ISLAMABAD, Pakistan, Oct. 14 (UPI) -- Aid organizations in Kashmir shifted from search and rescue to relief Friday as hopes faded of finding survivors of last week's earthquake.
Tent cities were being set up in Pakistan for thousands left homeless.
On Friday, six days after the quake shook Kashmir and neighboring areas in India, Pakistan and Afghanistan, hundreds of remote villages remained cut off, the BBC reported.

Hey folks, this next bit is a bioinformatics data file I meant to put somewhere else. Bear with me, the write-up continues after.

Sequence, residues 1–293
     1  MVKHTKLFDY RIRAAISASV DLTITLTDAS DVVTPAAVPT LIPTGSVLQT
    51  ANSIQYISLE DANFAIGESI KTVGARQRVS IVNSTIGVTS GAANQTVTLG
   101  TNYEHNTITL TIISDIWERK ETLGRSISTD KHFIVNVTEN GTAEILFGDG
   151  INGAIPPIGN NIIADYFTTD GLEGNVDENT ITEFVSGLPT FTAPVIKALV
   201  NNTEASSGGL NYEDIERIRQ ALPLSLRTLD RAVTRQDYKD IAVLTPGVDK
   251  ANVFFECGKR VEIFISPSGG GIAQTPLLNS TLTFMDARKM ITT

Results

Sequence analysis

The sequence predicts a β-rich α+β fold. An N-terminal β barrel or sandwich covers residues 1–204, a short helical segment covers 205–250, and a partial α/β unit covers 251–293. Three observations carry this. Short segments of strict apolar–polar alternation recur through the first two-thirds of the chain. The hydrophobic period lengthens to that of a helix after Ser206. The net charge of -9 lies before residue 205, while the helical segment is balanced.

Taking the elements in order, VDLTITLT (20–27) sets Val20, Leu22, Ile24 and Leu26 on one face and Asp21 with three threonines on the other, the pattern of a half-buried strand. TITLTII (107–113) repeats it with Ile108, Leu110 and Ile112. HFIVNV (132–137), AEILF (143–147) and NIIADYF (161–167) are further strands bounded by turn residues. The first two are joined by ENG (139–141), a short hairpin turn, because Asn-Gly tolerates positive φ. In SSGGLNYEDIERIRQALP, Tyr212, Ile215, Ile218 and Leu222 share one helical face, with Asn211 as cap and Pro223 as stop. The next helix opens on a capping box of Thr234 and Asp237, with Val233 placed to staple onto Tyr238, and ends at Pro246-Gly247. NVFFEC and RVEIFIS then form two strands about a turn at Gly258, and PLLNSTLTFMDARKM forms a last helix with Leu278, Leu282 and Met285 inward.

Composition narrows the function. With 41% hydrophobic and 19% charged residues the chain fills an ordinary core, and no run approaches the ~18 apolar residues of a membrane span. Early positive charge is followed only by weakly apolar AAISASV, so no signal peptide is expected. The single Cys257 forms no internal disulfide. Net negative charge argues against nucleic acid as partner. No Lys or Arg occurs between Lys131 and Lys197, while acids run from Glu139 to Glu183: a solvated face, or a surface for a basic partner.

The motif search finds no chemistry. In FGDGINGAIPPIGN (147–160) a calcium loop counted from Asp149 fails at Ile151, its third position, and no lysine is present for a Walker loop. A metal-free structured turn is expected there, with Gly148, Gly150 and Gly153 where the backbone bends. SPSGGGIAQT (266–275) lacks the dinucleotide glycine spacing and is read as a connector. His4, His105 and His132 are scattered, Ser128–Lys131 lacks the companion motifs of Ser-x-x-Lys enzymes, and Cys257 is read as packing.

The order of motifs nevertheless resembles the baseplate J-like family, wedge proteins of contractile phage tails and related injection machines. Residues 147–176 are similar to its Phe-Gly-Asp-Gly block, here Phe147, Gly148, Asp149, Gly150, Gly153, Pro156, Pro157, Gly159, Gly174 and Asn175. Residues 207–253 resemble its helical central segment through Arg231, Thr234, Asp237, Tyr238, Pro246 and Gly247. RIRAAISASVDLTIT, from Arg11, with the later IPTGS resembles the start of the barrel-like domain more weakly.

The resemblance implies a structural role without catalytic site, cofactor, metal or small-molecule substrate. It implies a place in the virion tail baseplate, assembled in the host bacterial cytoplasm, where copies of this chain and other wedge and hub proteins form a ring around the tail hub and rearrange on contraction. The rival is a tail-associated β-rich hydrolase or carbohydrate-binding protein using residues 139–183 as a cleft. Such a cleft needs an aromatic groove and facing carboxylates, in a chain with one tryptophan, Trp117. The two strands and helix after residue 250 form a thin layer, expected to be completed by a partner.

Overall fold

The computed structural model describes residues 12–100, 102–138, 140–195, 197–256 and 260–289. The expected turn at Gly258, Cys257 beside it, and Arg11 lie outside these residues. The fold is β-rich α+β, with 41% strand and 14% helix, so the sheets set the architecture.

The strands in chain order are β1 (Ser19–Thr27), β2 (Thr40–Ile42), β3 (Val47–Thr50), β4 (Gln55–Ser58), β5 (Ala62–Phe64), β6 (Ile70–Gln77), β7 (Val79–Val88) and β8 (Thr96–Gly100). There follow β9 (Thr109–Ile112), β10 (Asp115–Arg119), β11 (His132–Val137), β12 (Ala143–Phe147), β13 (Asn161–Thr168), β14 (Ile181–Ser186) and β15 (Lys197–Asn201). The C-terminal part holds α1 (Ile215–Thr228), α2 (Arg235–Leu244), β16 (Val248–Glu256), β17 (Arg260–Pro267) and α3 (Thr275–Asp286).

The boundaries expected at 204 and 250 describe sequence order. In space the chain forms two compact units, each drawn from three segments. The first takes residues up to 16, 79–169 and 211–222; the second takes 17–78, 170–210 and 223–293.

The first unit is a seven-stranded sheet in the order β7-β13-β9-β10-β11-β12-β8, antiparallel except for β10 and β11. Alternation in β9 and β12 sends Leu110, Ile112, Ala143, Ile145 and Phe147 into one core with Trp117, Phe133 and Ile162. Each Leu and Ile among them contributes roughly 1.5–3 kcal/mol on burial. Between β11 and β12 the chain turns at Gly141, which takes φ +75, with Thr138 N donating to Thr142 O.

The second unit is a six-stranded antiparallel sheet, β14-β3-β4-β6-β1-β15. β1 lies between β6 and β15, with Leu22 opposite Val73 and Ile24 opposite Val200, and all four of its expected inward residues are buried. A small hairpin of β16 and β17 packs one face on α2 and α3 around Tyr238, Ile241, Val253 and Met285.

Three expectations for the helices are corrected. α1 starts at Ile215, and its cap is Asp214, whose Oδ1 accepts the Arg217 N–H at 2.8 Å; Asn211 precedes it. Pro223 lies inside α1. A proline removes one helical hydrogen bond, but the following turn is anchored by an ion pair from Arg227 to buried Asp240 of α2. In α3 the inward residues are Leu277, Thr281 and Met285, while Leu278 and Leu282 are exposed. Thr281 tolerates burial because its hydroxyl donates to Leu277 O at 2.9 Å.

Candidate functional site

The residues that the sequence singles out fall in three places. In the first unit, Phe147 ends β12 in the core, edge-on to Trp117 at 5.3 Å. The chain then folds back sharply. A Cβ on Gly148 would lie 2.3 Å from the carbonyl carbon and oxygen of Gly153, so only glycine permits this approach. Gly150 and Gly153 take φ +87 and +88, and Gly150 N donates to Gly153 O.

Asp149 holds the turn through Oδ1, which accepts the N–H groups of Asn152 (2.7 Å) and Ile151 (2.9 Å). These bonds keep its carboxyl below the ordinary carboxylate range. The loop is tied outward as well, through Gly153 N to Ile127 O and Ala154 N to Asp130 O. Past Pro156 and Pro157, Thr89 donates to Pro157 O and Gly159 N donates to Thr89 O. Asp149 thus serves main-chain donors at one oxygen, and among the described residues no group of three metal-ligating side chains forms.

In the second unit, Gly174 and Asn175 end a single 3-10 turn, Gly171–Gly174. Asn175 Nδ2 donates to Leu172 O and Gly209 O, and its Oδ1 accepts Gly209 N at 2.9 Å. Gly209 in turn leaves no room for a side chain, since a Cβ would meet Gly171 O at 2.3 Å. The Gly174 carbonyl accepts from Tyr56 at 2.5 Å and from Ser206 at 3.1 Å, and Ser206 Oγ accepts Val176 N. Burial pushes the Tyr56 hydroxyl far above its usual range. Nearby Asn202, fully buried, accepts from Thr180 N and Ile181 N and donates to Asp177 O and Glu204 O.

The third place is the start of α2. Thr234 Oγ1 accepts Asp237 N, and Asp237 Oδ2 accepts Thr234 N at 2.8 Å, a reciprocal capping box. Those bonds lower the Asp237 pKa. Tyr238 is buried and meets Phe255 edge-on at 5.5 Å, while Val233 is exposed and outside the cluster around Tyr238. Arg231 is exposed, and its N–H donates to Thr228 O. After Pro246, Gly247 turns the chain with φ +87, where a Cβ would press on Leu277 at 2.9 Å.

"I fear we are losing the race against the clock in the small villages," said Jan Egeland, the U.N. official coordinating the international response.
Five sites with food, electricity and heating will open near Islamabad and Rawalpindi, Information Minister Sheikh Rashid Ahmed told the BBC. He said aid had reached most of the remote areas hit by Saturday's quake in Pakistani-run Kashmir but the Neelum Valley remained totally cut off from the outside.
Officials say the death toll could go as high as 40,000. Thousands may also be left maimed with doctors reporting that many wounds and broken bones have turned gangrenous, requiring amputation.
The United Nations says an estimated 2 million people need new housing and 1 million are in urgent need of help.